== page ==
Have you tried your hand at calligraphy, the DIY trend that’s adding a personal touch to projects like wedding invitations, wall art and even fabric? If you’ve been eager to give this trend a try, you’re in luck because we’re excited to welcome Kathy Glynn, the artist and author behind Hand Lettering Step by Step: Techniques & Projects to Express Yourself Creatively, for a two part series showing you how to transform your hand lettering into a fabric design.
In today’s installment, Kathy will share the first step of this project: taking your lettering from paper to pixel.
Digitizing your Hand Lettering
Kathy: Part of the appeal of hand lettering is that it’s a handmade art form. But there may be times that you want to digitize your lettering, such as to have your designs professionally printed at places like Spoonflower or to create a repeating text.
You can do this in two ways depending on your needs: If you’ll be using the lettering at the same scale as it’s drawn, digitizing your lettering in Photoshop is fine. If you want to be able to use your lettering in a variety of different sizes, like on a business card and on a T-shirt, then you should use Adobe Illustrator, which allows the image to scale without losing clarity or resolution. Today I’ll be showing you how to digitize your hand lettering in Photoshop.
Scanning Your Image
Before you digitize your image with Photoshop or Illustrator, you have to get it into your computer. You can take a digital photo or scan it. I prefer using a scanner because it’s more accurate than a camera. Unless you have very steady hands or a tripod, taking a photo can easily distort the image. I use an Epson scanner but whatever type of scanner you have, the basic steps will be similar.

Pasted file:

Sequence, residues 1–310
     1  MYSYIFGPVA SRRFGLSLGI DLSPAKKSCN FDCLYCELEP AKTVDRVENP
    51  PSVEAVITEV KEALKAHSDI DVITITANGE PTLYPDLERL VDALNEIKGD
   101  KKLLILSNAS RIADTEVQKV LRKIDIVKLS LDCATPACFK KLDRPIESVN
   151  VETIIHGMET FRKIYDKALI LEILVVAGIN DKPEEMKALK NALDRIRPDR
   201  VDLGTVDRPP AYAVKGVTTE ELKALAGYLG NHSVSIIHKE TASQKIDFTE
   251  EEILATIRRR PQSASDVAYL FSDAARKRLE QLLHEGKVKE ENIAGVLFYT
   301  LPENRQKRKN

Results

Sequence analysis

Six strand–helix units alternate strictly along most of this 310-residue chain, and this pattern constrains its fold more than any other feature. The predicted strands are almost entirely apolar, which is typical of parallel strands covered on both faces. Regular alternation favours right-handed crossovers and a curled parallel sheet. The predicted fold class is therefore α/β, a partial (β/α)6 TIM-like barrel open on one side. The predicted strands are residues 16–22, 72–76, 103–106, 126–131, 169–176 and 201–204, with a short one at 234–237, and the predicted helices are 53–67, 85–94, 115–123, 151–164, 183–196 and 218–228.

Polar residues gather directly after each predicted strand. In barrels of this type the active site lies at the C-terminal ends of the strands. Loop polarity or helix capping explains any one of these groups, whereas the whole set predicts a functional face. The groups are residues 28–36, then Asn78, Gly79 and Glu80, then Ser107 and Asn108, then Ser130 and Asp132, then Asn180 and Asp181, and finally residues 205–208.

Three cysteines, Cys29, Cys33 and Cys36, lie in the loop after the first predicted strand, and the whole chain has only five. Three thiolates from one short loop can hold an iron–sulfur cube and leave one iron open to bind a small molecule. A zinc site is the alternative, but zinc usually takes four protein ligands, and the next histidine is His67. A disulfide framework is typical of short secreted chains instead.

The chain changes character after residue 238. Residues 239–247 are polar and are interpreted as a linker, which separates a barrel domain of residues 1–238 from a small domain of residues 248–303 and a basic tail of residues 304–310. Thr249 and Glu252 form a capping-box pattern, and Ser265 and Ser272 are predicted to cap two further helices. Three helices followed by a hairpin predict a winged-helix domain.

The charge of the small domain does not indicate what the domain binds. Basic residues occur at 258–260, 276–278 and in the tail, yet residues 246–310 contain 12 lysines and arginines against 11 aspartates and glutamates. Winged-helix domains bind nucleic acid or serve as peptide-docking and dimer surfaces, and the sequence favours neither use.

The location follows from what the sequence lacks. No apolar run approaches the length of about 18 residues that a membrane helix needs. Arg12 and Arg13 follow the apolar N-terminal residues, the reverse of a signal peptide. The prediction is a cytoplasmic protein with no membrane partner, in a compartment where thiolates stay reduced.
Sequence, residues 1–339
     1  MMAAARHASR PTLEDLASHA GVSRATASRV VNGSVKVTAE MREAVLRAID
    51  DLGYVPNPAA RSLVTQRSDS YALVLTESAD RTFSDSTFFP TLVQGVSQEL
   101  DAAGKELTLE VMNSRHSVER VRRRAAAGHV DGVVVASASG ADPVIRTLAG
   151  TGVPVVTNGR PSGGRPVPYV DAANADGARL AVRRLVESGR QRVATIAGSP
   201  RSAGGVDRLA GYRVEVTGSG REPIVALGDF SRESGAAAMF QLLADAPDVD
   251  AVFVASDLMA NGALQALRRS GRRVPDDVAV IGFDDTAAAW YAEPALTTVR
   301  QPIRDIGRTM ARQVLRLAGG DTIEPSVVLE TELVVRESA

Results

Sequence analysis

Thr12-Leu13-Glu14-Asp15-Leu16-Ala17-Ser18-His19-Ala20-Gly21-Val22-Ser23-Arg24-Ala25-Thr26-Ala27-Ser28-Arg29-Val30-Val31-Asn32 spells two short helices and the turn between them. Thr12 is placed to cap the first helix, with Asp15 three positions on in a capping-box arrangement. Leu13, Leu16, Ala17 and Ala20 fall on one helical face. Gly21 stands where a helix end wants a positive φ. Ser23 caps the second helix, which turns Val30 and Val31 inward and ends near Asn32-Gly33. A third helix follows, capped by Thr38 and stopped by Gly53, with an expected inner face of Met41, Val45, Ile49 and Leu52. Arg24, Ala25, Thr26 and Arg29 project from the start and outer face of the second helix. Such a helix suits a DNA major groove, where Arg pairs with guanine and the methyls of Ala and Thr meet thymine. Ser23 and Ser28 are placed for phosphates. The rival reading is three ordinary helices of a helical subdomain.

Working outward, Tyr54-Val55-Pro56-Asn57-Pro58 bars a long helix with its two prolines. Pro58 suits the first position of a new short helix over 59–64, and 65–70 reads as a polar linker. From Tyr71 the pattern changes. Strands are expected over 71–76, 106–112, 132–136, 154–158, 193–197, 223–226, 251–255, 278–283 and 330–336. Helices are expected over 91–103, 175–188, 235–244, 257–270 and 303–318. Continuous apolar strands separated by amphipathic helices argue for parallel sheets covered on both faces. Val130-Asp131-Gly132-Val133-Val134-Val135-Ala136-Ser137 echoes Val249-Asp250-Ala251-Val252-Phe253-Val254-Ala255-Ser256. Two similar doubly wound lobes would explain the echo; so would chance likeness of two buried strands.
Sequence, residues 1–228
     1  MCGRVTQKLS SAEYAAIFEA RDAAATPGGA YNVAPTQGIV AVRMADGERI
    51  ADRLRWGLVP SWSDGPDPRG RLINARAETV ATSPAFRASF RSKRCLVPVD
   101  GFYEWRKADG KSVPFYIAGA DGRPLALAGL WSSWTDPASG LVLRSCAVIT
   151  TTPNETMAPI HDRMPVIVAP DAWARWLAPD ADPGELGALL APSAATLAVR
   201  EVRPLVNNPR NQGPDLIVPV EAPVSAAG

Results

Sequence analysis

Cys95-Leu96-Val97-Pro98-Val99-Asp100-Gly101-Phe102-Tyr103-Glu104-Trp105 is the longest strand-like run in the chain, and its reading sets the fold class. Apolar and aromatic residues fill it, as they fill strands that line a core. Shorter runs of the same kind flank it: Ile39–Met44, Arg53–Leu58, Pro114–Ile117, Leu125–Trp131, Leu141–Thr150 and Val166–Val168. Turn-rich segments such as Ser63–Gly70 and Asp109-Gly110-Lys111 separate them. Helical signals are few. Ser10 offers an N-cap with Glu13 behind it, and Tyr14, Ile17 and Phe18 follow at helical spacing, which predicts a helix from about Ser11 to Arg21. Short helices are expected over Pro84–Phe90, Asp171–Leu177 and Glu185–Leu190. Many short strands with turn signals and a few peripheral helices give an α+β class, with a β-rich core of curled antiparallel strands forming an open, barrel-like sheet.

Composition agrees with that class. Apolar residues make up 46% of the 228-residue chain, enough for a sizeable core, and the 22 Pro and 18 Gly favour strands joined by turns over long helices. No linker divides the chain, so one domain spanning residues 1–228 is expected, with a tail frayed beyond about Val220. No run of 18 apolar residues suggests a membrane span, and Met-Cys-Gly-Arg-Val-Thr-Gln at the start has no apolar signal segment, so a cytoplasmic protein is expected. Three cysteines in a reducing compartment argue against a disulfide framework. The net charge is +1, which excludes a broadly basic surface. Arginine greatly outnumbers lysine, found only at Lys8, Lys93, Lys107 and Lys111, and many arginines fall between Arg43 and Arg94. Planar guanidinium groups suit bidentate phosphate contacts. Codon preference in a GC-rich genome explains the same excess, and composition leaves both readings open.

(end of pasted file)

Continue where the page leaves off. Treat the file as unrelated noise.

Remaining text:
Open the software provided by your scanner or that is part of your computer’s operating system. Place your document on the scanner. Select the Preview button to scan in the image.
The Preview screen will appear displaying your document on the computer screen.
Select the Single Marquee button located in the Marquee section at the top left portion of the window. Select the image by clicking on the screen and moving the handles of the rectangle with the cursor until the image is encapsulated within the box.
Click the Zoom button to see a more detailed display of your image.
If everything looks fine, click the Scan button on the Epson Scan panel. This will proceed to capture the image into a digital file.
When the scanning is complete, a dialog box will appear. Click on Save File. Your image is now available to print or edit. Unless I get a very clean scan, I usually clean it up in Photoshop.
Digitizing in Photoshop
For this example, I’m using Adobe Photoshop CC 2017. If you have an earlier version, the steps will be similar.
First, open the file in Photoshop by selecting File from the Application Bar, then Open.
Navigate to the directory where your file is located. Select the file by highlighting it with the cursor and then click the Open button. Your file will be loaded into Adobe Photoshop as a locked background layer.